Tony Smith was appointed as interim Director General of Border Force on 19 September 2012. Smith was previously Gold Commander for the joint UKBA and Border Force Olympics and has spent forty years in border control and enforcement work.
Border Force has five operational regions: Central; Heathrow; North; South and South East & Europe. The regions have responsibility for securing the border 24 hours a day, 365 days a year at the UK’s ports, airports, postal depots and rail. This includes the Eurostar from Brussels and Paris to St Pancras International and the Eurotunnel from Coquelles to Cheriton.
The regions’ varied work includes stopping 100 per cent of passengers arriving at ports or airports for immigration controls. Officers also conduct risk-led interceptions for controlled drugs, cash, tobacco, alcohol, firearms, offensive weapons, prohibited goods, counterfeit goods and clandestine entrants. They do this at passenger and freight controls, covering passengers travelling on foot, by car, coaches, freight vehicles, as well as air freight and sea containers.
Border Force officers wear a uniform with rank insignia. Border Force uniform is navy blue and, currently, modelled on the Metropolitan Police uniform.
Border Force officers can make use of body armour and carry handcuffs, as well as ASP batons. Leg restraints are also in circulation.
Officers also carry Tetra radios on the secure Airwave network, often with earpieces, to communicate with other officers. In addition officers may also carry other useful police equipment, such as torches.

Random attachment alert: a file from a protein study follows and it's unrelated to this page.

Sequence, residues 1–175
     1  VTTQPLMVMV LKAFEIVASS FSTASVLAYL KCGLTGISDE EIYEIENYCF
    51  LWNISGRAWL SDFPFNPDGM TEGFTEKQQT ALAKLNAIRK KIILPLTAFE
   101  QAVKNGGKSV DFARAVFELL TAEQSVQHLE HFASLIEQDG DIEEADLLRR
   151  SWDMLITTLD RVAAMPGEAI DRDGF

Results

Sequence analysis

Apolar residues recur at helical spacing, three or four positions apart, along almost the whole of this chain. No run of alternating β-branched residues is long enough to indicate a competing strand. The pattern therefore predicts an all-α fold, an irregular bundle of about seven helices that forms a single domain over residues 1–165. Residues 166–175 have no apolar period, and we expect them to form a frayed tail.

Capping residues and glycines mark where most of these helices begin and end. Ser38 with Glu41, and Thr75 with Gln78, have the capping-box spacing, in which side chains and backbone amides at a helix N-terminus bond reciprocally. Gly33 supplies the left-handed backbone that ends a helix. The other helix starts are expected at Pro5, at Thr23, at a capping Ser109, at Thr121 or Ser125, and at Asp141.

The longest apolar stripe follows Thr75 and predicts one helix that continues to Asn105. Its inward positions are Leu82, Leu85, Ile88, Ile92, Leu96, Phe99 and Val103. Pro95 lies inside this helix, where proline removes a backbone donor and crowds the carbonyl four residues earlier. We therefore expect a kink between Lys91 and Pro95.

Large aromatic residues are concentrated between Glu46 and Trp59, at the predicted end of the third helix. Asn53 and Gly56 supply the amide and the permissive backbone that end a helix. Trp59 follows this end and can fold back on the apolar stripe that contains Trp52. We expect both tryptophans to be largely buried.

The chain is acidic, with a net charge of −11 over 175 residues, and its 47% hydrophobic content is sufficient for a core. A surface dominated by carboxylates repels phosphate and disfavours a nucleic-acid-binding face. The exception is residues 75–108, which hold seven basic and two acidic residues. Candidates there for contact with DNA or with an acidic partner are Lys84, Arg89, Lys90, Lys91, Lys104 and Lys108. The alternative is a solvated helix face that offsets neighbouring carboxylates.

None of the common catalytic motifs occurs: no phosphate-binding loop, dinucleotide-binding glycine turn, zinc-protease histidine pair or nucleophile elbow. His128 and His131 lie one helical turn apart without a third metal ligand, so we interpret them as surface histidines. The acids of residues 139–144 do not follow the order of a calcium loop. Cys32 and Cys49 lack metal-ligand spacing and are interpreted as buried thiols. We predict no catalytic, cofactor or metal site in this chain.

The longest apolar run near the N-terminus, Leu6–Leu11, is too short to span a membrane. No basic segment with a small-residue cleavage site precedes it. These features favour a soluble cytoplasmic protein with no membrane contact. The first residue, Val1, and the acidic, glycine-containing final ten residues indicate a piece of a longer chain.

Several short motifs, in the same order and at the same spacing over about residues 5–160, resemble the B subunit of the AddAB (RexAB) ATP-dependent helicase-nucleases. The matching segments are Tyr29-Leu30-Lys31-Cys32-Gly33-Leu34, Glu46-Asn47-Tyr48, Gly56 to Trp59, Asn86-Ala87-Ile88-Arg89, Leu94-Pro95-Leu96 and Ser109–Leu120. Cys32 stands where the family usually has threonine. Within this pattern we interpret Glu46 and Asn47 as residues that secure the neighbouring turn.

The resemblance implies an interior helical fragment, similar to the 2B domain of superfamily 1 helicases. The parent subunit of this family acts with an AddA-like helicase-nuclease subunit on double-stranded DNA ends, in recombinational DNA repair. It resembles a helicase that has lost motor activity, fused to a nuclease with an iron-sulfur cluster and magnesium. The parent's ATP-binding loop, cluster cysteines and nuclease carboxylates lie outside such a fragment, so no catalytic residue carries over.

Specialist forgery detection equipment is available at ports and airports to identify false passports and identity documents. Customs officials make use of a variety of specialised tools and equipment when searching cars, lorries, aircraft, container ships and other items crossing the border.
Uniformed Border Force officers have their rank displayed on shoulder epaulettes, attached to their shirt, jumper or jacket. Warranted officers below Senior Officer rank may also have their identification number displayed.
|Rank||Administrative Assistant||Assistant Officer||Officer||Higher Officer||Senior Officer||Assistant Director||Deputy Director||Director||Senior Director||Director General|
|Civil Service Grade||AA||AO||EO||HEO||SEO||Grade 7||Grade 6||SCS||SCS||SCS|
The Border Force has five cutters in active service.
|HMC Seeker||UKBF 42m Customs Cutter||2001||In service – built to Damen Stan Patrol 4207 design|
|HMC Searcher||UKBF 42m Customs Cutter||2002||In service – built to Damen Stan Patrol 4207 design|
|HMC Vigilant||UKBF 42m Customs Cutter||2003||In service – built to Damen Stan Patrol 4207 design|
|HMC Valiant||UKBF 42m Customs Cutter||2004||In service – built to Damen Stan Patrol 4207 design|
|HMC Protector||Goldeneye Class||2002||In service – purchased from Finnish Border Guard in 2013|
- Theresa May to split up UK Border Agency, BBC News Online, 20 February 2012
- Home Secretary's statement on border security, Home Office Website, Monday, 20 Feb 2012
- "Inside government: Border Force". UK Government (gov.uk). Retrieved 20 May 2013.
- "Revenue Cutters - Current Fleet". Revenue Cutter Association. Retrieved 23 November 2013.
- "Section 138, Customs and Excise Management Act 1979 (c. 2)". Office of Public Sector Information. Retrieved 12 April 2012.
- David Millward (22 May 2012). "Border Force chief faces battle to keep job over threat of four-hour immigration queues during Olympics". The Telegraph. Retrieved 2 July 2012.
- Home Affairs Select Committee, 18 September 2012
- "New Director General of Border Force announced". Home Office. 25 January 2013. Retrieved 10 February 2013.
- UK Border Force Documentary, Season 2, Episode 3 (YouTube)
|Wikimedia Commons has media related to Border Force.|